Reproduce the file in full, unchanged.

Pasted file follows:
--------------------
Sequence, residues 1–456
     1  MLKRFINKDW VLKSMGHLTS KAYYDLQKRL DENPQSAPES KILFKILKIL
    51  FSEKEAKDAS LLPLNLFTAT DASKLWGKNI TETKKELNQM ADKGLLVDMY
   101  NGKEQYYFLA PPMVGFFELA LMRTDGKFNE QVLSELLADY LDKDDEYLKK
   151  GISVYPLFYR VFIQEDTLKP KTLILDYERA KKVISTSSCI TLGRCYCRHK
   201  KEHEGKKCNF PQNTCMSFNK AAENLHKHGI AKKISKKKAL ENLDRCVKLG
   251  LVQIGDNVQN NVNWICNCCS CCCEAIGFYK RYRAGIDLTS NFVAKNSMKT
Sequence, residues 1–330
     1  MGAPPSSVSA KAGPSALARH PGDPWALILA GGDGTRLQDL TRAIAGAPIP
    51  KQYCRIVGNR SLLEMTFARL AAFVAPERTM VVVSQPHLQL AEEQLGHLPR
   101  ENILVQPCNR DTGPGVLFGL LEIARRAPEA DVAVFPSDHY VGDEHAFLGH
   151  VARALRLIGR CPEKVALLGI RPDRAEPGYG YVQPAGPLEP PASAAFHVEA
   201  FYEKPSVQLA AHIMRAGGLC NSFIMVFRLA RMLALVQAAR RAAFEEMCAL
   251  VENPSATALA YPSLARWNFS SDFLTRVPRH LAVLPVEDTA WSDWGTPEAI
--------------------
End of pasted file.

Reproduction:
Sequence, residues 1–456
     1  MLKRFINKDW VLKSMGHLTS KAYYDLQKRL DENPQSAPES KILFKILKIL
    51  FSEKEAKDAS LLPLNLFTAT DASKLWGKNI TETKKELNQM ADKGLLVDMY
   101  NGKEQYYFLA PPMVGFFELA LMRTDGKFNE QVLSELLADY LDKDDEYLKK
   151  GISVYPLFYR VFIQEDTLKP KTLILDYERA KKVISTSSCI TLGRCYCRHK
   201  KEHEGKKCNF PQNTCMSFNK AAENLHKHGI AKKISKKKAL ENLDRCVKLG
   251  LVQIGDNVQN NVNWICNCCS CCCEAIGFYK RYRAGIDLTS NFVAKNSMKT
Sequence, residues 1–330
     1  MGAPPSSVSA KAGPSALARH PGDPWALILA GGDGTRLQDL TRAIAGAPIP
    51  KQYCRIVGNR SLLEMTFARL AAFVAPERTM VVVSQPHLQL AEEQLGHLPR
   101  ENILVQPCNR DTGPGVLFGL LEIARRAPEA DVAVFPSDHY VGDEHAFLGH
   151  VARALRLIGR CPEKVALLGI RPDRAEPGYG YVQPAGPLEP PASAAFHVEA
   201  FYEKPSVQLA AHIMRAGGLC NSFIMVFRLA RMLALVQAAR RAAFEEMCAL
   251  VENPSATALA YPSLARWNFS SDFLTRVPRH LAVLPVEDTA WSDWGTPEAI